(Perhilitan), traffickers are motivated by the high profit margins in the illegal
wildlife trade. The Perhilitan spokesman said that tigers are mostly hunted for
bone, skin and body parts, bears for their gall bladders and paws, and
pangolins for their meat. Rare birds are sold at high prices, while geckos are
traded based on claims that they are able to cure ailments, such as HIV.
Illegal wildlife trading involves international networks and operates
much like the illegal drugs and weapons business. Stricter laws and tighter
enforcement have not significantly deterred poachers and traffickers.
Table 1: Reported Wildlife Seizures
Wildlife Major Cases
Tigers October 2010
 At least 56  Perhilitan seized a tiger cub from a couple trying to
seized sell it for RM30,000 in Pekan
between
January 2000 February 2012
and October  Perhilitan discovered 8 tiger skins and 22 bags of
2010 bones in a house in Alor Setar

## Elephant ivory September 2011

 Almost 25  Customs authorities seized two containers containing
tons seized 695 African elephant tusks in Port Klang
between 2006
and 2012 January 2012
 Customs authorities in Port Kiang seized half a ton of
ivory hidden in a container full of laminate flooring
material and used tyres
Questions 1 to 7 are based on the given passage.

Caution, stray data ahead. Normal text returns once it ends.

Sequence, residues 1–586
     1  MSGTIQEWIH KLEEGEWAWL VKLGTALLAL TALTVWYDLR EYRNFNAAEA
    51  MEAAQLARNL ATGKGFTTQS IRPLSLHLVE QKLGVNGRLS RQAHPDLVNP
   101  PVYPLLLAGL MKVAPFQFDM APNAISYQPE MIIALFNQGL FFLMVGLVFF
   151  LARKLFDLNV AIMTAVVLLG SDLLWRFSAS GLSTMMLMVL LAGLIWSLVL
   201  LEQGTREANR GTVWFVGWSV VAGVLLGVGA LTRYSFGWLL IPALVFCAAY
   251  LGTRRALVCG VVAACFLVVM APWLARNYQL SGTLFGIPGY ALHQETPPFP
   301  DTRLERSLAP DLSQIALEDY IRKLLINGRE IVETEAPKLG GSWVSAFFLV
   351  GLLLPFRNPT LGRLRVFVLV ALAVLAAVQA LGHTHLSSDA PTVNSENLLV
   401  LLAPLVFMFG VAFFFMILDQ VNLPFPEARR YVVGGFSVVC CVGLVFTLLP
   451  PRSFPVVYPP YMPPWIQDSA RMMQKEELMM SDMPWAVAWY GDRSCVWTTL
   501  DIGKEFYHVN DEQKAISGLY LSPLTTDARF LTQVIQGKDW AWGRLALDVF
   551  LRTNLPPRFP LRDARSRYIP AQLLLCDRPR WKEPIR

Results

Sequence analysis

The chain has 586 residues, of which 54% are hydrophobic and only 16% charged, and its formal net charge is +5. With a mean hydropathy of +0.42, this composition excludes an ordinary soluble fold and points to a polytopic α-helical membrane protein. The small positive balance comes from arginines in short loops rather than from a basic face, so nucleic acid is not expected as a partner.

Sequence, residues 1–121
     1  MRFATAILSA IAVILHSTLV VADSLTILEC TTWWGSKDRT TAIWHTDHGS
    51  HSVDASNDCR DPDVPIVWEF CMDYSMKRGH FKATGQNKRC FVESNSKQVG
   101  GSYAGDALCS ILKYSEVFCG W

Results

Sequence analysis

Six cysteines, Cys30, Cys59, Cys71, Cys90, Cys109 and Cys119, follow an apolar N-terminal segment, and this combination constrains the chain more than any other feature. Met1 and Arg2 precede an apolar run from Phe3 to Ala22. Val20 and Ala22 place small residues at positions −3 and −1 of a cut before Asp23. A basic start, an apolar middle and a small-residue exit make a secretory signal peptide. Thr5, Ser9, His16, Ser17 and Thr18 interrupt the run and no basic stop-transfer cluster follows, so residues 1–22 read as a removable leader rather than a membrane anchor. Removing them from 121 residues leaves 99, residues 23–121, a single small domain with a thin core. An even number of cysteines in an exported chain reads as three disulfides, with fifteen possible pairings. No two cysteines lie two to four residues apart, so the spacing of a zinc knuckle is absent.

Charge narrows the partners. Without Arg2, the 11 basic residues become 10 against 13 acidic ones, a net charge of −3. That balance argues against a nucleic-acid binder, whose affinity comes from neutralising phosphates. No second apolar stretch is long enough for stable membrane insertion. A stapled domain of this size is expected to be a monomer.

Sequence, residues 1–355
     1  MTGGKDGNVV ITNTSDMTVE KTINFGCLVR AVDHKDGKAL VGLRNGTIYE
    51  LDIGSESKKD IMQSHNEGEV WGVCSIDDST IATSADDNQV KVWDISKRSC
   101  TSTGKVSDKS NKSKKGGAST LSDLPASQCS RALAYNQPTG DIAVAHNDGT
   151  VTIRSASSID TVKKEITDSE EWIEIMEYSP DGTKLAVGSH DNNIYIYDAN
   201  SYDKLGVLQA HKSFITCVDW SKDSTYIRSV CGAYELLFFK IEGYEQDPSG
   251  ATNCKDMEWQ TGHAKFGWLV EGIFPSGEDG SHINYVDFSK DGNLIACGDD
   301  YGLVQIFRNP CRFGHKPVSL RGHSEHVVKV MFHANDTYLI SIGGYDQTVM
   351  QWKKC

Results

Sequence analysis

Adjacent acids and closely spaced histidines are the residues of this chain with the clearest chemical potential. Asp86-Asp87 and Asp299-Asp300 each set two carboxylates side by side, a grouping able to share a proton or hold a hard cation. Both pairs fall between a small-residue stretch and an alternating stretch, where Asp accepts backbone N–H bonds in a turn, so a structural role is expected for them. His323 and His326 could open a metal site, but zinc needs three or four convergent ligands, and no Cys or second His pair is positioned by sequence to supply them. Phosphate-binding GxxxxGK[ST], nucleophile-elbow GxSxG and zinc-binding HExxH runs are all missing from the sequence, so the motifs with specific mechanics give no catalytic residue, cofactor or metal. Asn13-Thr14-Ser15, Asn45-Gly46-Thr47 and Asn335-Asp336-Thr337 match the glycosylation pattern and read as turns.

No Question True Fals Not
e Stated
1 Stringent laws have managed to curb the illegal wildlife

## 2 Certain animals are captured and sold illegally because it is

believed that their body parts can cure various ailments.

## 3 Illegal wildlife traders also deal in illegal drugs and

weapons.
Questions 1 to 7 are based on the given passage.
No Question True Fals Not
e Stated
4 According to the table, most tigers were captured between
January 2000 and October 2010.

## 5 It can be concluded that tigers and elephants are the two

most sought after animal species in Malaysia for the illegal
Questions 1 to 7 are based on the given passage.
No Question True Fals Not
e Stated
1 Stringent laws have managed to curb the illegal wildlife

## 2 Certain animals are captured and sold illegally because it is

believed that their body parts can cure various ailments.

## 3 Illegal wildlife traders also deal in illegal drugs and

weapons.
Questions 1 to 7 are based on the given passage.
No Question True Fals Not
e Stated
4 According to the table, most tigers were captured between
January 2000 and October 2010.

## 5 It can be concluded that tigers and elephants are the two

most sought after animal species in Malaysia for the illegal